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Shattemuc, 2009
HD video, 31 minutes
Stereo sound track with original music by Laura Ortman

A video shot at night from a boat on the Hudson River depicting, in the projected beam of the marine searchlight, passage upriver from Hook Mountain to Haverstraw Bay. It retraces part of Henry Hudson’s 1609 voyage in which his crew had a bloody encounter with the local natives. The searchlight projection references Hudson River Night Line boats which shone spotlights onto shoreline monuments for touring passengers. Embedded also are allusions to Hudson River School painting. The work temporally encapsulates, in its passage from wooden shoreline to modern marina—via industrial quarry, luxury housing, village, and power plant—problematic and enduring aspects of local as well as national history.

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Of Light After Darkness, 2007
3 HD videos, gilded frames
Gloom of the Approaching Night: Fort York, Toronto, 31 minutes
Dying Day Drawing to Its End: Stelco, Hamilton Bay, 31 minutes
Glorious Light of the Setting Sun: Wind Farm, Port Burwell, 31 minutes

An installation of three, real-time video sunset “paintings” shot with a stationary camera at three sites in Ontario, presented on framed monitors on walls designed to evoke a romantic landscape museum installation. Each site represents a different environmental era—past, present, and future—in the colonization and development of the area, and the titles of the work were extracted from the writings of the photographer Edward S. Curtis.

Click Here to View Excerpt of Fort York
Click Here to View Excerpt of Stelco
Click Here to View Excerpt of Wind Farm
TwoRow II, 2005
Four-channel video with sound
13:05 minutes
108 × 576 inches

A monumental, panoramic video installation of the two banks of the Grand River, which divides Six Nations Reserve from non-native townships in Ontario. The design is a synthesis of two sources: moving panoramas and the Two Row, an historic Iroquois wampum belt. Woven of purple and white shell beads, the belt signified—through two purple rows alternating with three white rows—an early treaty of respectful coexistence between the Natives and Europeans. The rows symbolized the parallel paths of an Iroquois canoe and a European ship, and their respective laws and customs, which were to remain parallel and inviolate. A sound track combining a Canadian cruise boat captain’s official narrative on the river with Native elder narratives complete the work.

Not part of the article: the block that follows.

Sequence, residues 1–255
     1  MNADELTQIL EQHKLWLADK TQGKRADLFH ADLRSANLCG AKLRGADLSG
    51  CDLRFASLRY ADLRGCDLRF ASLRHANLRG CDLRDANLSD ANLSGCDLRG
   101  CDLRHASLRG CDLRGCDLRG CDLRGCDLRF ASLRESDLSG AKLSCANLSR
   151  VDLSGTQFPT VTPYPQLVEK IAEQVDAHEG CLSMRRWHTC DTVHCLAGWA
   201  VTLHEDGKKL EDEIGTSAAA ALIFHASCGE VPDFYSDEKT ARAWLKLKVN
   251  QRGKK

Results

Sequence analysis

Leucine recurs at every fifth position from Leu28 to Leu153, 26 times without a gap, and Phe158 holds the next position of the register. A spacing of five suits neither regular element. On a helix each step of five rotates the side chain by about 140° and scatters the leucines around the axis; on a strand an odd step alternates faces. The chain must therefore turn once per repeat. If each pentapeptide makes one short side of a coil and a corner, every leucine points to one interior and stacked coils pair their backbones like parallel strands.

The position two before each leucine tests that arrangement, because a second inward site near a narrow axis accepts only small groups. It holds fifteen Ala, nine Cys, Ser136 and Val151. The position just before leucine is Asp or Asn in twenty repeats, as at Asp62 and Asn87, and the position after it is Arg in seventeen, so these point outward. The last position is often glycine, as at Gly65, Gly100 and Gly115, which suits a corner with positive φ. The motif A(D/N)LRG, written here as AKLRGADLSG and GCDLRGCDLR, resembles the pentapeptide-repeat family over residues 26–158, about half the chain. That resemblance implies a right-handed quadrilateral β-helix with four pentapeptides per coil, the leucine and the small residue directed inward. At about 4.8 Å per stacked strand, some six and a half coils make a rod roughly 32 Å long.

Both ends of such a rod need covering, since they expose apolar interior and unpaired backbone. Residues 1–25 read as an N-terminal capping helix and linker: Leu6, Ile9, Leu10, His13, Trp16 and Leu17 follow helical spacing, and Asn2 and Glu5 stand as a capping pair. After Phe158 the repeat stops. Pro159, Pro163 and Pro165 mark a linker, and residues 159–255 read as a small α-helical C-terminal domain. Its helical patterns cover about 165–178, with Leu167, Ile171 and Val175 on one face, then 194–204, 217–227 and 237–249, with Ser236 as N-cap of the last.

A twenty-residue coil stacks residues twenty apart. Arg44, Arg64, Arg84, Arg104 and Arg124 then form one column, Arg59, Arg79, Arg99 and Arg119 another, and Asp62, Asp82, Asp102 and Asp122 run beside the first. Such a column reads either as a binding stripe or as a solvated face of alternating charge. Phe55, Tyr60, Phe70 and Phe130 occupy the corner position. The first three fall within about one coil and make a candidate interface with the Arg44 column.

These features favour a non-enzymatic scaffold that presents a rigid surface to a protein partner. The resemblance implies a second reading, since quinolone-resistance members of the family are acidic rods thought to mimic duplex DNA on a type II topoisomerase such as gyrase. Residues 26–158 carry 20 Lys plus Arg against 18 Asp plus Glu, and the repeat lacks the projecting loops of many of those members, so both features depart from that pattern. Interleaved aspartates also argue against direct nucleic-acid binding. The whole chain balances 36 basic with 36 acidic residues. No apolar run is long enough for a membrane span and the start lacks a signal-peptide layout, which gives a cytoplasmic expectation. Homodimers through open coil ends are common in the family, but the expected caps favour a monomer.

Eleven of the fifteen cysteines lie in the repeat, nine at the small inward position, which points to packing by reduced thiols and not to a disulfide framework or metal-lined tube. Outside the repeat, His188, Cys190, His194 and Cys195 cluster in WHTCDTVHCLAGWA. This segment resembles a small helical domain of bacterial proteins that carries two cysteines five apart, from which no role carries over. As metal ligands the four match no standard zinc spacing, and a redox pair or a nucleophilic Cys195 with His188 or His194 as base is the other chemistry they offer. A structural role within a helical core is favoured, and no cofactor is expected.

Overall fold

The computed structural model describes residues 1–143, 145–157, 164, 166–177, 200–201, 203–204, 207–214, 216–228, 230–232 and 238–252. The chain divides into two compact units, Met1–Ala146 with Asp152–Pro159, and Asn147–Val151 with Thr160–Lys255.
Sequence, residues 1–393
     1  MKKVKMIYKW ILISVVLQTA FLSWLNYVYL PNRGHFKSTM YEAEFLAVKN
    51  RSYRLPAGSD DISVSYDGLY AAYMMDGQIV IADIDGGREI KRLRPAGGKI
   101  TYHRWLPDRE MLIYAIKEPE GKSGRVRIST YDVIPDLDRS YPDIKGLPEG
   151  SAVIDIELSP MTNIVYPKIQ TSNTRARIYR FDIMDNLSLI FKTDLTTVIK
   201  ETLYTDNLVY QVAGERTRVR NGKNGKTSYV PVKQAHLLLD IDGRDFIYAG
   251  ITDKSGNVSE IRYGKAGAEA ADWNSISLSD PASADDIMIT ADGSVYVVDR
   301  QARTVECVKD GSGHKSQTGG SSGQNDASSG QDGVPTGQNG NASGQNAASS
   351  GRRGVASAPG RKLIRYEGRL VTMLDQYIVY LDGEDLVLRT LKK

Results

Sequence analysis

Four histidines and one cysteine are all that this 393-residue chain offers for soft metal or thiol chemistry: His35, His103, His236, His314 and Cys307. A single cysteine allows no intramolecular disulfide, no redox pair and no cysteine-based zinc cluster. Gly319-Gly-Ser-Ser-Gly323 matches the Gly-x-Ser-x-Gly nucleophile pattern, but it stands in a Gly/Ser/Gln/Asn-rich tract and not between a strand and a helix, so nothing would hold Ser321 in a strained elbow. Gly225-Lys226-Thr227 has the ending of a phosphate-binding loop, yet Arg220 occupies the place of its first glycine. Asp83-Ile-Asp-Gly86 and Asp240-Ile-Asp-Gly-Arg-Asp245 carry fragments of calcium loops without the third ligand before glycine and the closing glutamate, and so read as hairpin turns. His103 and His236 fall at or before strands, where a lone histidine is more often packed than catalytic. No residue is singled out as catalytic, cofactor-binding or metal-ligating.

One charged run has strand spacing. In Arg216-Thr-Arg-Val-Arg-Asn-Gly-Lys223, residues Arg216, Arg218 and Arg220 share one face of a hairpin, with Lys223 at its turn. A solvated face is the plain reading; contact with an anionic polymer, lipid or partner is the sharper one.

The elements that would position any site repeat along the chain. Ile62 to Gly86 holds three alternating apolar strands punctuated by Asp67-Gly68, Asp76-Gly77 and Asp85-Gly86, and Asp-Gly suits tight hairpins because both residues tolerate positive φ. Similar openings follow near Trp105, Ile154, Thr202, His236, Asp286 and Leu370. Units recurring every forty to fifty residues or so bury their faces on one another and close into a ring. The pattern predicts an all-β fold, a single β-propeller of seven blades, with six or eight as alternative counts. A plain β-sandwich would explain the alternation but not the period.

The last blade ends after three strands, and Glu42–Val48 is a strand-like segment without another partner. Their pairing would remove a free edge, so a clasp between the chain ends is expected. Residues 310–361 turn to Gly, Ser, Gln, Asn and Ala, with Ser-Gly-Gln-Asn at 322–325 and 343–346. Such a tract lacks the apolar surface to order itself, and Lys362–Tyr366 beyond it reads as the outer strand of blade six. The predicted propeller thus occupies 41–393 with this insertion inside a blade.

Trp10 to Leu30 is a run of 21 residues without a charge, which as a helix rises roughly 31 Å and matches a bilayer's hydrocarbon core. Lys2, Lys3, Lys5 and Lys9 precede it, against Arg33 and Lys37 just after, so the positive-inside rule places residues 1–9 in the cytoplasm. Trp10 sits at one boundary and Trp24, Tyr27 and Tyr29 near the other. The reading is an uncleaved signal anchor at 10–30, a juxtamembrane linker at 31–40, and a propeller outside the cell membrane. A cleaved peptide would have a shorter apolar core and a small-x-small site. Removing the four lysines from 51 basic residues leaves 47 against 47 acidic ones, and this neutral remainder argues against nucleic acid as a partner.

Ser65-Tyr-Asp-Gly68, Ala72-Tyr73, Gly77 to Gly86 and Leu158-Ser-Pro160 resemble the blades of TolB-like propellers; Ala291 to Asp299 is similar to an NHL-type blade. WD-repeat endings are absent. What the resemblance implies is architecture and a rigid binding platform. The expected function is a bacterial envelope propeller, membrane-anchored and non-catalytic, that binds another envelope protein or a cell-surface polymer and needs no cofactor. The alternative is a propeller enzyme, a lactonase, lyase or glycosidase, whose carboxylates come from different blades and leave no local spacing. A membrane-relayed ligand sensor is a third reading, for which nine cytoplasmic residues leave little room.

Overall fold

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Twilight, Indian Point, 2003
Video, gilded frame
56 × 71 inches

An installation consisting of video projected onto a gilt-framed “canvas” of the Hudson River at Indian Point in Buchanan, New York, site of the Indian Point Nuclear Plant. Shot from a stationary camera, the video records a sunset on the river in real time. The nuclear reactors in the background sound a disquieting note in an otherwise tranquil, picturesque scene invoking Hudson River School painting.

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Mespat, 2001
Video (19:24 minutes)
Turkey feathers, monofilament, steel
Original sound track by Michael J. Schumacher
132 × 168 × 12 inches

Based on a popular, pre-cinematic entertainment—painted moving panoramas—this video installation pans continuously along the 3.5-mile shoreline of urban Newtown Creek, the estuary dividing Brooklyn and Queens. It revisits an area known as “Mespat” (“bad water place”) to the native Lenape, who were displaced from there by European colonists in 1642. Polluted by raw sewage and industry from the mid-19th century, the creek was also the site of a 17-million gallon oil spill in the 1950’s.